News & events > Participatory Geology project in time of Covid-19 | Italy
13 Apr 2020

Participatory Geology project in time of Covid-19 | Italy

How to make citizens, professionals, and musicians interact while they are “Between a rock and a hard phase”? This is what Andrea Giacomelli and his band have been working on...

The network, with its hub in Southern Tuscany, is composed by professionals, working since 2007 in the development of projects concerning the protection and promotion of lesser known resources in the fields of culture, environment, and open innovation. These initiatives typically rely on a signicant component of facilitation and engagement components, including participatory methods and music (preferrably live, as proposed with the Metalliferous Hills Jug Band).

Combining the mobility constraints from this period with some ideas that the network was in fact working on in the weeks preceding the COVID-19 crisis, we launched an initiative called “participatory lithology”.

This started by involving a number of families in Tatti, a small hamlet where two of the network members are based, and geologists from other regions. Tatti is in fact in a former mining district, and it is not uncommon in many households to have small stocks of minerals and rocks. These collections have often been created by previous generations, so most of the current owners do not know what their samples are. We then scanned our list of contacts for geologists around the country, and asked them to identify our samples via photos made available online.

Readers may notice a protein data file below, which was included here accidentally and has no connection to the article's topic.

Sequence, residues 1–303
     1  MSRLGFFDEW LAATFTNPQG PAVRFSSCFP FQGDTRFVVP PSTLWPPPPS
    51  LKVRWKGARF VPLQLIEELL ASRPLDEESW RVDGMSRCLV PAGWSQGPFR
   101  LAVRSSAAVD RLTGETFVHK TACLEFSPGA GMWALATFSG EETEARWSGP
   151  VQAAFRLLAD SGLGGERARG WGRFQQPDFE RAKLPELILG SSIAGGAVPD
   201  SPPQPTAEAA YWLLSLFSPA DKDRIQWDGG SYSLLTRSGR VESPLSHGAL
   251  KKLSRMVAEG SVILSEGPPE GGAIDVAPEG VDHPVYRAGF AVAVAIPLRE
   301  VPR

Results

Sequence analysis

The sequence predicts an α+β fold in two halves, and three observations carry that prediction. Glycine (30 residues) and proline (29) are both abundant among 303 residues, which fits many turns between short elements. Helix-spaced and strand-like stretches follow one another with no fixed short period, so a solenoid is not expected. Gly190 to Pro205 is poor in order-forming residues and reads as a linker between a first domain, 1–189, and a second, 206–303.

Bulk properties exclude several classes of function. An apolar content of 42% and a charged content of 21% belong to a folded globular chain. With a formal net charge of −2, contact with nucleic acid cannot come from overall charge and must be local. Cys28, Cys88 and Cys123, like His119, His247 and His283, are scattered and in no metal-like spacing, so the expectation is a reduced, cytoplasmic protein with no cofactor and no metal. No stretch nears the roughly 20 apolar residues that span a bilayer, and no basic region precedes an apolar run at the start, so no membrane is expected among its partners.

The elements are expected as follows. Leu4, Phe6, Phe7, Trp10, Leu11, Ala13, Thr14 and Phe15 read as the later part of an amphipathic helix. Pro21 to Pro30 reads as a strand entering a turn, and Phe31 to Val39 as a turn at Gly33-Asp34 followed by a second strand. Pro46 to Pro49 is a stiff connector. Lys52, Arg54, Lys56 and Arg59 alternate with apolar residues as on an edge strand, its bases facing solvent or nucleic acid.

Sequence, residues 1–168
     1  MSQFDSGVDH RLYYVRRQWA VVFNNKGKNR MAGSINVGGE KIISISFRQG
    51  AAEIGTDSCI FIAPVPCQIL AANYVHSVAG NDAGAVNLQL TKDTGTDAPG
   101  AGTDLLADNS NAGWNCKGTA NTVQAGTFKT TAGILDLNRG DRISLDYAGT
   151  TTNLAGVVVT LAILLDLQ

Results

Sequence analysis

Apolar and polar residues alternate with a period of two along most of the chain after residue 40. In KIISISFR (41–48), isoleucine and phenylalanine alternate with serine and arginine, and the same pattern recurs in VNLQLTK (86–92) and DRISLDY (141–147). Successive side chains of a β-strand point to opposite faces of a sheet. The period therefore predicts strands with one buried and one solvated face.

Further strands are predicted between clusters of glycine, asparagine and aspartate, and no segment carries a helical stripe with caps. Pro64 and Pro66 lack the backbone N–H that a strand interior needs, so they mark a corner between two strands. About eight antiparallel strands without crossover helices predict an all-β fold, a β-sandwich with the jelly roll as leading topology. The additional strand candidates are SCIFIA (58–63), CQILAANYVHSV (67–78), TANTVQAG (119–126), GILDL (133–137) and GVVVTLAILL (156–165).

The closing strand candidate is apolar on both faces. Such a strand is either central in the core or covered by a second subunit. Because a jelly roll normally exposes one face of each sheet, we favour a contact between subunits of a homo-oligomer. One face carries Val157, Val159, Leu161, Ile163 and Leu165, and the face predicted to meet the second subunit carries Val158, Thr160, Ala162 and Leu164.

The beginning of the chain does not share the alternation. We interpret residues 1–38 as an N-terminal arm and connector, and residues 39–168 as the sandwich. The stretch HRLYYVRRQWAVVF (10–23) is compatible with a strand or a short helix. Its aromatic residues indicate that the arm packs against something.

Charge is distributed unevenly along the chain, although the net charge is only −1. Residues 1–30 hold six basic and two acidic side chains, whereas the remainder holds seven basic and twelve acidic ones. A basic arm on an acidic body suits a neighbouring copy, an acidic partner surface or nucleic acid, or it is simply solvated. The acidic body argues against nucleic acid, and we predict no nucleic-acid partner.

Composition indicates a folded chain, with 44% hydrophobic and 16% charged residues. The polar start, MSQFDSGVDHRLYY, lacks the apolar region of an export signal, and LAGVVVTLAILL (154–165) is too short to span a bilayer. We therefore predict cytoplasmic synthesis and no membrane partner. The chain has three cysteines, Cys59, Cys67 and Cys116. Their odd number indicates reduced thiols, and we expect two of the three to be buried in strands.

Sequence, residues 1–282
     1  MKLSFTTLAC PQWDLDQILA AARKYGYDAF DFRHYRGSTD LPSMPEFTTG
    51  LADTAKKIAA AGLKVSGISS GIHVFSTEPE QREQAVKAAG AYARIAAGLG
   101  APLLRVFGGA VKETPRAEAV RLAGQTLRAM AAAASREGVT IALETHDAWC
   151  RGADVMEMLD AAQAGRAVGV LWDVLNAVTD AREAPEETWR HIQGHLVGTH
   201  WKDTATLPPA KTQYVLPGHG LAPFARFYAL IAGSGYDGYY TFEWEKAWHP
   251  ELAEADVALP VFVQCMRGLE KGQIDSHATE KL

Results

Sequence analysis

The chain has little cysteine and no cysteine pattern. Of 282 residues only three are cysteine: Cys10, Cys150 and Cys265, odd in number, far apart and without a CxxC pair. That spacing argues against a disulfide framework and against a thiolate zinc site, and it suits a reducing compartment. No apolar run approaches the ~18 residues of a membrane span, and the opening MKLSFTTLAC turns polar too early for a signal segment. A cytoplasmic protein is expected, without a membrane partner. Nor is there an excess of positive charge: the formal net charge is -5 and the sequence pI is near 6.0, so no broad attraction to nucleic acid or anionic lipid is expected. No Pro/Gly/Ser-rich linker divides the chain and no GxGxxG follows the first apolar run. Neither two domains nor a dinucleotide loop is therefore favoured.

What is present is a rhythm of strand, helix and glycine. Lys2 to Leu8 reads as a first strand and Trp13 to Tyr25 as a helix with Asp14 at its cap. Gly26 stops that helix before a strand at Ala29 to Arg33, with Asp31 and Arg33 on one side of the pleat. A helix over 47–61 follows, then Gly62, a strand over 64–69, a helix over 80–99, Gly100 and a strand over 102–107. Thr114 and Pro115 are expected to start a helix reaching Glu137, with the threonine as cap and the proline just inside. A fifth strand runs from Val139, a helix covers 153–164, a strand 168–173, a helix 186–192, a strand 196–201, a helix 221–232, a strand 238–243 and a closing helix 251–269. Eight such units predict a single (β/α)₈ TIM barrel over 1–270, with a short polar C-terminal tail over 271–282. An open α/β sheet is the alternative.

It is possible to join the project in one of four roles. The three “standard” roles are the collectors (people who own samples), the classifiers (folks with a master in Geology), and the sponsors (supporting the project with funds or in kind, such as enticing food and wine from Southern Tuscany to reward the most active participants).

An interesting role is for what we called “entertainers”. With the Metalliferous Hills Jug Band project we are proposing the combination of live music and outreach on environmental issues, so we adapted our mission to the Participatory Lithology initiative. We invited all band members, and other artists we interact with, either to identify songs related to rocks, stones, and minerals, or to think of new compositions, which will provide a cool soundtrack to the people involved in the project. In less than a week we identified 35 tunes, and wrote lyrics (for the moment based on well-known tunes in Italian or English) which describe well the spirit of Participatory Lithology, and will be released as the project unfolds.

Participatory lithology was launched on March 21, after one week of fast-track design. It is now in a pilot phase, but it has already gained attention by other potential “collectors” and “classifiers” as well as national media coverage. At the time of writing we have engaged as active participants a community of around 20 people from four different Italian regions, but the project is open to all geographies, and we our curious of seeing where our stones will be rolling over the coming weeks.


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